Well, it is safe to say it's been a time of annus horribilis for the global megachurch. With breaches of trust in their US branch, an accusation of rape from a junior staffer against a Hillsong pastor, criticism in Australia against live music during a time when music festivals were banned in New South Wales, and the resignation of Global Senior Pastor Brian Houston, it is clear there is a lot we can learn from mistakes made by the megachurch.
Now, anyone that has ran a global ministry of the size of Hillsong will know that it takes a lot of good people to get it off the ground, let alone be fruitful. There is no doubt that the global reach of Hillsong has made it a fruitful ministry and that they do a lot of things right, and that this in no way makes them a 'bad' church.
But, there is a lesson to be learned here - that nothing is infallible, procedures can fall through the cracks, and perhaps now is a great opportunity for all churches to reflect broadly on their own procedures and their own culture.
Hillsong NYC - a story of failed procedures and a failed leadership culture
An investigation conducted by an independent law firm into the culture of Hillsong New York City painted a picture of a church leadership rife with abuse, sexual misconduct and secrecy.
The termination of the former pastor of the church, Carl Lentz, opened up a pandora's box of extramarital affairs and spiritual abuse of volunteers and staff.
However, could this whole story be an example of what happens when adequate safeguards are not put in place by the church board?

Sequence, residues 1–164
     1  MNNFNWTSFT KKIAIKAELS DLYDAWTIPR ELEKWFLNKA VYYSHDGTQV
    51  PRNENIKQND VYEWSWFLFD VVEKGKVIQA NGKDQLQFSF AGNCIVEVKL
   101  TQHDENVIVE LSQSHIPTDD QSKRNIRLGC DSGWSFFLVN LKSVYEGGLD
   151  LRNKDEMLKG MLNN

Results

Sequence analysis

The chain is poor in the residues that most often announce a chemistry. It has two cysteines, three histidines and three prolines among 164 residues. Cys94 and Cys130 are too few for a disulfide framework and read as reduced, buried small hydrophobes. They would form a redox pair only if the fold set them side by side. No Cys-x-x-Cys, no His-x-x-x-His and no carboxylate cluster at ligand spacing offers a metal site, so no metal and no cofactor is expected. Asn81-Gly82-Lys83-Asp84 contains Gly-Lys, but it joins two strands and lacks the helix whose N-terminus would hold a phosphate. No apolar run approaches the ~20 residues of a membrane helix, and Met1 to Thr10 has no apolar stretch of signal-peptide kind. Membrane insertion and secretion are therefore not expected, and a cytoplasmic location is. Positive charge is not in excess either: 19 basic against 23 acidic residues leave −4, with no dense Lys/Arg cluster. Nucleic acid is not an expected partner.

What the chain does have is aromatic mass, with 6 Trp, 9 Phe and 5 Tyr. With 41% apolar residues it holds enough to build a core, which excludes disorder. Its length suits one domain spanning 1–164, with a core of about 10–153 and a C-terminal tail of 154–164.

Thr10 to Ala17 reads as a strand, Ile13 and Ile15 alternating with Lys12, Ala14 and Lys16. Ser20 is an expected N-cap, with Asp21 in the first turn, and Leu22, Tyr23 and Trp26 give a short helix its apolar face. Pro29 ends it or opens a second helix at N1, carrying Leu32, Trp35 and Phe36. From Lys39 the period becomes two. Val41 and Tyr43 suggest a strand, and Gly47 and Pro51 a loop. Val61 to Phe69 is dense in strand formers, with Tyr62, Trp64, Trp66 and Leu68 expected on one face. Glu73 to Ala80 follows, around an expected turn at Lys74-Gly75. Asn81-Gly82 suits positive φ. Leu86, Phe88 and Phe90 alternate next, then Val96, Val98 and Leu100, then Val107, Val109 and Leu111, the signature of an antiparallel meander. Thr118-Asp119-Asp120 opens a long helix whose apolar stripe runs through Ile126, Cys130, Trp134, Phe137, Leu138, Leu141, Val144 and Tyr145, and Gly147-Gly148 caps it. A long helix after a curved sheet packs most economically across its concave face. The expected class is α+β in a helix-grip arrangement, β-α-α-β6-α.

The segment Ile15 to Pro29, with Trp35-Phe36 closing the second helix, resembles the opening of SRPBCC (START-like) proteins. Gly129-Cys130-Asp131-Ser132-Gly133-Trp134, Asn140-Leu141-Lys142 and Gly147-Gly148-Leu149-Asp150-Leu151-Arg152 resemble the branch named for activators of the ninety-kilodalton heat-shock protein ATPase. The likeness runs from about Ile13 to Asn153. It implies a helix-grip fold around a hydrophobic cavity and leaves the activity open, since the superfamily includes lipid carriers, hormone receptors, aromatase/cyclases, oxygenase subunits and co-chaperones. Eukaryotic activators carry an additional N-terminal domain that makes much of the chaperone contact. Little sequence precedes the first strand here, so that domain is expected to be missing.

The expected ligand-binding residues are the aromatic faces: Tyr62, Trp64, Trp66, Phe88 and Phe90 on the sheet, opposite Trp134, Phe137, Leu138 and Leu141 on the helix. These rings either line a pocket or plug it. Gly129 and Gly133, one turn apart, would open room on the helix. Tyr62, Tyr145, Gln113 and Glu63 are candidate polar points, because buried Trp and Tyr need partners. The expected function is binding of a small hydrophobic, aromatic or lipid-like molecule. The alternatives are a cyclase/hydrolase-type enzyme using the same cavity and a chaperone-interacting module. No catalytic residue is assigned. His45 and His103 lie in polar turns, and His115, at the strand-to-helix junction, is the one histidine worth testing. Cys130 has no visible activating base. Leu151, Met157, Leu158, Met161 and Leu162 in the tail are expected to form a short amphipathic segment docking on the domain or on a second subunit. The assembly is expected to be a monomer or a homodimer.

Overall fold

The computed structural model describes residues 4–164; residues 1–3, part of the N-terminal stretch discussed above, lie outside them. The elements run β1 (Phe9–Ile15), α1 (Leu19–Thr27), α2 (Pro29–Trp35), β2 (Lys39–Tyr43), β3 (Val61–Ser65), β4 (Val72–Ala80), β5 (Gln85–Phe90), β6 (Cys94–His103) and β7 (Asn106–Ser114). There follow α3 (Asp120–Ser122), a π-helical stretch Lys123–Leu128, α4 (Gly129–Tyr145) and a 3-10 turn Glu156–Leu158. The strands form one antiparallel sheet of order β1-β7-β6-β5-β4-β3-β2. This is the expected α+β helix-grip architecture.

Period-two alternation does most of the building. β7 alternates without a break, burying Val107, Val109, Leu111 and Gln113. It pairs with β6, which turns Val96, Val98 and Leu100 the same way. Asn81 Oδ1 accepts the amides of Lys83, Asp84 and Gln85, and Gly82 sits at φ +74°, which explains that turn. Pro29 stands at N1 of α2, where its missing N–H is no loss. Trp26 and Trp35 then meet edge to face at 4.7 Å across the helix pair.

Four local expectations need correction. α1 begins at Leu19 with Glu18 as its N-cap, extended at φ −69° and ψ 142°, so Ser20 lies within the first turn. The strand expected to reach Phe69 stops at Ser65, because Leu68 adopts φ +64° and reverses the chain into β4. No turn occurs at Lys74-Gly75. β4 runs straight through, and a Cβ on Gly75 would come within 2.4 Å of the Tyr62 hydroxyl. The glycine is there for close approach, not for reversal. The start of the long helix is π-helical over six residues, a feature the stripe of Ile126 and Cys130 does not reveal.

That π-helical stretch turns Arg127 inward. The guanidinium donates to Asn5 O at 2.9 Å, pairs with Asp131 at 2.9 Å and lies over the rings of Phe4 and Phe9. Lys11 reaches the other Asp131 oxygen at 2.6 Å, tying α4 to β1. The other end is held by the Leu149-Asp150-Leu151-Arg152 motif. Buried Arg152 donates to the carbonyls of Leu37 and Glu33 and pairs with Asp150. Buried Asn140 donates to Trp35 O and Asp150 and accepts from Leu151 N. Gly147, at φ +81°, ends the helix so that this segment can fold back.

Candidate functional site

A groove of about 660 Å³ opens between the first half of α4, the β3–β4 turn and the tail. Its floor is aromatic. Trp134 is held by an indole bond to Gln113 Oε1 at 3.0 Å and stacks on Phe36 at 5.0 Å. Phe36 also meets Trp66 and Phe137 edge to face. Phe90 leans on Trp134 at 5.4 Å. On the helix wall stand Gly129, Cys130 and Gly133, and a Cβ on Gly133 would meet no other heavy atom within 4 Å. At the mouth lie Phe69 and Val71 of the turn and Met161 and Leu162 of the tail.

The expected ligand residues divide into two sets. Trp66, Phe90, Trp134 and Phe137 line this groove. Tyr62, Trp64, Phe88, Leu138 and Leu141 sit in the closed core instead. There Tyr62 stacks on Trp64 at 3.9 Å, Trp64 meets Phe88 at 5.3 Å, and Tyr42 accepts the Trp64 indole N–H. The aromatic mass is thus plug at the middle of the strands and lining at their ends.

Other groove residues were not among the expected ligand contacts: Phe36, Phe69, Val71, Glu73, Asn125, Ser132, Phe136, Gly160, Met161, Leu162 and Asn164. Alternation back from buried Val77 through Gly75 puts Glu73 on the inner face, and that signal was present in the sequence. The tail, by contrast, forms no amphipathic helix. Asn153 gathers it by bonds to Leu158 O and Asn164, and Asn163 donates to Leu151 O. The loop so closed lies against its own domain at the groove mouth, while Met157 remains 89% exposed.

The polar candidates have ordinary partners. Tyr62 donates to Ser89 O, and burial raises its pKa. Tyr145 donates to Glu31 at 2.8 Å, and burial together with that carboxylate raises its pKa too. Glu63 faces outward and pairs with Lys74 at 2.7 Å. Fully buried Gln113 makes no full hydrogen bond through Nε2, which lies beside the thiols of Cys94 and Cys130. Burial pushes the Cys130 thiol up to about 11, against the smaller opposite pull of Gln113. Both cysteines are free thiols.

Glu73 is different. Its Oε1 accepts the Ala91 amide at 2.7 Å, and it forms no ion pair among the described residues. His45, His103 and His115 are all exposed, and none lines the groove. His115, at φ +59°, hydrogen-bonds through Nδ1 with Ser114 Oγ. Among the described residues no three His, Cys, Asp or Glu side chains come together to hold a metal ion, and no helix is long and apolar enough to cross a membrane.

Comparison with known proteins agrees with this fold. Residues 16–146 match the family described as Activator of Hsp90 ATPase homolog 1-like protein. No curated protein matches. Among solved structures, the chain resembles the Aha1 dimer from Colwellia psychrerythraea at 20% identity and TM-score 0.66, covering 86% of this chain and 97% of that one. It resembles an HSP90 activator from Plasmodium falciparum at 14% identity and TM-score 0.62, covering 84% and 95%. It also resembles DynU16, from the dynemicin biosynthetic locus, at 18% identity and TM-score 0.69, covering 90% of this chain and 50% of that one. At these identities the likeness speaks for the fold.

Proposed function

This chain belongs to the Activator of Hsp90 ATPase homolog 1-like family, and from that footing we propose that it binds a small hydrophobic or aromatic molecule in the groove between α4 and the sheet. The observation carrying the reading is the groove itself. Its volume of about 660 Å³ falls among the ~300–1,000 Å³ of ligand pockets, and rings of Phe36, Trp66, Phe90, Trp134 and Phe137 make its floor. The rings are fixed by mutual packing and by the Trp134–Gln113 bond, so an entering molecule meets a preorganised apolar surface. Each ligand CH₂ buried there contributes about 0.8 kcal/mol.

According to The Christian Post, the report claimed that Lentz acted with so much freedom in running Hillsong NYC that there was a sense that the "church's Australian leaders had little to no control over him". Although denied by Lentz, multiple staffers reported that Lentz had uttered the words "Australia is dead to us".
But that is also a failing of the mother church, surely? Where there is a multisite church, especially a church of a global nature, effective oversight needs to be put in place. If effective oversight had been put in place, Lentz would not have been the final arbiter of what was considered appropriate behaviour.
Will local churches now place more emphasis on effective oversight?
I should hope so. When abuse happens in church, it can nearly always be traced back to lack of accountability, lack of effective oversight, and putting the wrong people in the wrong positions.
In my role in The Hub Baptist Church - another multisite church - it has given me access to the workings of our leadership and this question of 'how do we ensure effective oversight?'.
We have been in the privileged position of being able to speak into other churches, and working with our denomination to assist other churches in our region with their own policies, procedures and framework.
We have been at churches on the brink of collapse and also facing issues internally. Almost every issue I have seen can be traced back to the wrong people in the wrong positions.
Scripture makes clear the kind of people we are to see in eldership. Specifically, the Apostle Paul gave frequent instructions to Timothy about the sorts of people who should be in leadership.
Sometimes in church, we give responsibility to the loudest voices, and that is not healthy. I hope that by following the scriptures and taking time to put in effective leadership procedures, we can learn from Hillsong's mistakes, that there will be no more abuse, and that His name will be glorified.
Ben Kruzins is a Pastor of The Hub Baptist Church in Regional New South Wales Australia. He has written articles in The Canberra Times and The Sydney Morning Herald.